• Go to bed at about the same time every day.
  • Sleep in a comfortable bed in a dark and quiet room.
  • Avoid looking at screens (TVs, smartphones, etc.) and electronic media in the evening.

What else you can try: (source:

All of the activities in the bedtime routine will help to prepare you for sleep. Here are some additional rituals that can help you or your child fall asleep once you climb into bed.

  • Listen to an audiobook. A nice story can help children and adults wind down. Try listening in the dark with your eyes closed.
  • Prepare your sleep environment. Make sure your sleep environment is conducive to sleep—pillows and mattresses are comfortable, lights are dim, the temperature is cool (between 60 and 67 degrees Fahrenheit)3 and it is quiet.
  • Read. Many people read a book or magazine to prepare for sleep. However, a really gripping book may backfire and keep you turning the pages for hours. A magazine might be a safer choice as the articles are much shorter, no matter how interesting.
  • Stop worrying. Once your head hits the pillow, problems of the day can start racing through your mind making sleep impossible. One way to stop this is to keep a pen and pad of paper by your bedside. Jot down your thoughts and worries and promise yourself you will address them in the morning.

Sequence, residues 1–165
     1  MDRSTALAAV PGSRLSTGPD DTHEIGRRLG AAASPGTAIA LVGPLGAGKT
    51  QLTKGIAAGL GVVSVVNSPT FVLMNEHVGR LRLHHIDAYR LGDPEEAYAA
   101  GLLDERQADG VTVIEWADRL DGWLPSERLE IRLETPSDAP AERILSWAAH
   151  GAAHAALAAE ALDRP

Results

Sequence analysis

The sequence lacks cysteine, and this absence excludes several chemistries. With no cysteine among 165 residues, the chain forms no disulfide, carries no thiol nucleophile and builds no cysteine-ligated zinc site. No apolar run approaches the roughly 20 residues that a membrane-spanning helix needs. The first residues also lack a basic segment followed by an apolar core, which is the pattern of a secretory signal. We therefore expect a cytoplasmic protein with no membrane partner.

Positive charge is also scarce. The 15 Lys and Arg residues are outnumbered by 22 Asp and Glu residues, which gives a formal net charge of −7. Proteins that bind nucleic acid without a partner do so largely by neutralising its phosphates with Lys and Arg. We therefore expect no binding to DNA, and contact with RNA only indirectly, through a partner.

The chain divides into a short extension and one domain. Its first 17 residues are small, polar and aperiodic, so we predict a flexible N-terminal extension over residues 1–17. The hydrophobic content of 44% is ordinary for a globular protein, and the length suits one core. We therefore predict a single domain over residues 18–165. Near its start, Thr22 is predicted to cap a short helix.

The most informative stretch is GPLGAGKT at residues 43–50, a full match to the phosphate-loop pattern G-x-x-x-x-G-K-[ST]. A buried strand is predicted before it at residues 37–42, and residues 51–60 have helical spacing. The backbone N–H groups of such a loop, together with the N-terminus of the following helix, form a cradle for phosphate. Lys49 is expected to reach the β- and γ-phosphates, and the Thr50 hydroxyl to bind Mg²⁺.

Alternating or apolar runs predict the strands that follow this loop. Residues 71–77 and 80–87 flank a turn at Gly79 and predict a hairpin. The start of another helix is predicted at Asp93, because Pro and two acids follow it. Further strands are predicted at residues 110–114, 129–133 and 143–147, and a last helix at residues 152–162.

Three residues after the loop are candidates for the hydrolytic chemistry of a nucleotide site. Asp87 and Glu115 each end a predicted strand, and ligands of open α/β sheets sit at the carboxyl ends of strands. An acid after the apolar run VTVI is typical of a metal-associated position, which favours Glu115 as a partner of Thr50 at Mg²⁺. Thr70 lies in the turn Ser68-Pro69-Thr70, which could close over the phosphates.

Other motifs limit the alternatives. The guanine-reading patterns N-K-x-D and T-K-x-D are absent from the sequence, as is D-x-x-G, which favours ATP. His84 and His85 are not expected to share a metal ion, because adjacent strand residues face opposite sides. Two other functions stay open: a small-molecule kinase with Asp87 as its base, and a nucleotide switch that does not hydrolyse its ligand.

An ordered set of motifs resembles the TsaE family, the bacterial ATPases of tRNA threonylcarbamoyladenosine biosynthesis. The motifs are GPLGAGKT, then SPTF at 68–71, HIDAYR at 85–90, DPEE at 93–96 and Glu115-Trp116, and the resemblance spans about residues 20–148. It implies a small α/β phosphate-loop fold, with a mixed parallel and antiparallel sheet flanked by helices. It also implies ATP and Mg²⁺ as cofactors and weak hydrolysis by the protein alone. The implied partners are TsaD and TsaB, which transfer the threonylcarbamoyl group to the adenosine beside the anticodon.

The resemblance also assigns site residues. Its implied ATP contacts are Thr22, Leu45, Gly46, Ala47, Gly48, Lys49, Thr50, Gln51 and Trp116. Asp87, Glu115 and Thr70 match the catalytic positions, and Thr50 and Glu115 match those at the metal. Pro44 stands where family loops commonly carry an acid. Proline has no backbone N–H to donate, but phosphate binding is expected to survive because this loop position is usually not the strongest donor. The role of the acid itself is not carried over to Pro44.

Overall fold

• Turn on some white noise. White noise is a gentle, steady, monotonous, peaceful sound like a fan humming or background sounds that are calming and not stimulating.
  • Use a transitional object. A soft, plush blanket or special, safe toy can help babies and toddlers transition to bedtime. A simple transitional object can continue to be helpful for older children.

What else do you need to know?

“Many children and adults who have ADHD also have a sleep disorder—almost three out of four children and adolescents, and up to four out of five adults with ADHD. Not getting enough sleep, or needing to sleep at times that don’t mesh with school or work obligations, can have significant long-term effects. Those can include physical illness, behavioral issues, and mood changes. While adults may seem obviously tired when they are behind on sleep, fatigue in children often looks like exaggerated ADHD symptoms: hyperactivity and impulsivity—sometimes even aggressiveness and acting out.”

An estimated 25 to 50% of people with ADHD experience sleep problems, ranging from insomnia to secondary sleep conditions. Doctors are starting to realize the importance of treating sleep problems and the impact this can have on both ADHD symptoms and quality of life for ADHD patients and their families.

Other helpful resources:

Best Tips for Relieving Nighttime Stress

Relaxation techniques for stress

What Is Meditation?

What it means when you’re tired during the day but have a sudden burst of energy before bedtime

A User’s Guide: I Have ADHD, So Why Am I So Exhausted?

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Published by Jenn has ADHD

Jenn Parker, New Zealand. ADHD Advocate and Peer.